Less than a quarter of parents are in favour of default online content blocking, a new survey has found.
Only one-fifth of UK parents believe default filtering of harmful content is the best system for protecting youngsters online, according to TalkTalk. YouGov, working on behalf of the ISP, found 78% of adults with children in their household are opposed to this solution, which would automatically block adult related material.
Instead, 37% of respondents favour giving broadband customers an active choice, in which they are asked when they sign up for an account whether or not they want content to be blocked. A further 30% insisted that websites should only be blocked if they ask for it.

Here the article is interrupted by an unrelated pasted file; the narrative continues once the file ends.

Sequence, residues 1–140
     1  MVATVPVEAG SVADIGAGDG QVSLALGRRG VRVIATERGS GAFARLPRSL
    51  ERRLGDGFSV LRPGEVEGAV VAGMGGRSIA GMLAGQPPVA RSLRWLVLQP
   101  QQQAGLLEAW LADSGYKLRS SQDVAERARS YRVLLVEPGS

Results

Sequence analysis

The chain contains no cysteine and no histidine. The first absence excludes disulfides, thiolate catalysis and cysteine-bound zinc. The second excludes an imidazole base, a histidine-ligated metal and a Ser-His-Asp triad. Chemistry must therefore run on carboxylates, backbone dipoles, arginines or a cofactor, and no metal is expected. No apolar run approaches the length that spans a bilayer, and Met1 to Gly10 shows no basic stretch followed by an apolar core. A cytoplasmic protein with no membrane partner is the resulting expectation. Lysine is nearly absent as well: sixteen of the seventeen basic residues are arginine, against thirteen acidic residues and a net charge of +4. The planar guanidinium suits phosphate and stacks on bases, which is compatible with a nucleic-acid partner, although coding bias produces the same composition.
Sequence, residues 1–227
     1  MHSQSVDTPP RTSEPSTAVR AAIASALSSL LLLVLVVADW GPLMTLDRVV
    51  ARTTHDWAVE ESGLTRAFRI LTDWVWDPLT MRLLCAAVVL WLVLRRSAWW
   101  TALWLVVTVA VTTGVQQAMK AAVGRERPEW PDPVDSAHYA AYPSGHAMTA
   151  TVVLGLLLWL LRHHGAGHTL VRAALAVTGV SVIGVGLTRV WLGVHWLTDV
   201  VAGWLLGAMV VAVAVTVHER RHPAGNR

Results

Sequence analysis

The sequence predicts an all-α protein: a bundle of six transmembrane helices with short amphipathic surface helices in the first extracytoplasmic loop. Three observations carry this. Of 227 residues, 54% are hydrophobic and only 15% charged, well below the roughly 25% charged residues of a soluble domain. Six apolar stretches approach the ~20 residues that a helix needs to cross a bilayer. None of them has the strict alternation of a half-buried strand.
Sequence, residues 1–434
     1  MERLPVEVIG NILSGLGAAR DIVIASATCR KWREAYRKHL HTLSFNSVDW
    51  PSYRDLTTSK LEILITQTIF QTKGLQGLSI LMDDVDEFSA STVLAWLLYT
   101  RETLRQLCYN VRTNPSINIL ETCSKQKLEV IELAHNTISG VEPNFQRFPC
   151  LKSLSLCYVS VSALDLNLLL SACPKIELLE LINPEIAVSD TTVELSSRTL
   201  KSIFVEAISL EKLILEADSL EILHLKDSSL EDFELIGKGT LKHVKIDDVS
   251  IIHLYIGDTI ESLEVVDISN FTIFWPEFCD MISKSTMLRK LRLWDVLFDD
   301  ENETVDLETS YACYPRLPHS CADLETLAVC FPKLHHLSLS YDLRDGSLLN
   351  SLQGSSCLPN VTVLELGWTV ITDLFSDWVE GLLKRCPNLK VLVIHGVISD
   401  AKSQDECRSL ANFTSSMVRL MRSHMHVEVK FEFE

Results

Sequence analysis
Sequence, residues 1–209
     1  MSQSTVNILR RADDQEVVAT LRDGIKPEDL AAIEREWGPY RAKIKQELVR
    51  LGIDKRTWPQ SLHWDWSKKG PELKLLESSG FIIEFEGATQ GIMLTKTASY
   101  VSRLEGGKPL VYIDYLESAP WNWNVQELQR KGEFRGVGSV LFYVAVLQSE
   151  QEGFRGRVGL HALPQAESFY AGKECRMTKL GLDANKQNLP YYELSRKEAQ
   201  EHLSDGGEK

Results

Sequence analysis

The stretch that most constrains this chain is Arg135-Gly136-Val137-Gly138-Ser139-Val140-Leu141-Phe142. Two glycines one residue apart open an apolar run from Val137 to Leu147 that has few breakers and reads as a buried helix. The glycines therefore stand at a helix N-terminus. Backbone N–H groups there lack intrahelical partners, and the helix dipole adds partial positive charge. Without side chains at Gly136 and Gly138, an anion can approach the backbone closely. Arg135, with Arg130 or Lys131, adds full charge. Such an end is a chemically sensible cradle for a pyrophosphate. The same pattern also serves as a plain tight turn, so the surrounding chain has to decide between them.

In March, TalkTalk introduced an active choice system for broadband subscribers. Known as HomeSafe, the network-level parental controls allow customers to choose the type of content their kids can view while browsing the web. So far, the system has been activated by about one in three new customers – roughly equivalent to the number of households with dependent children.
Dido Harding, chief executive of TalkTalk, said: We believe that giving customers an active choice about using controls like HomeSafe is the most effective way to engage them in internet safety.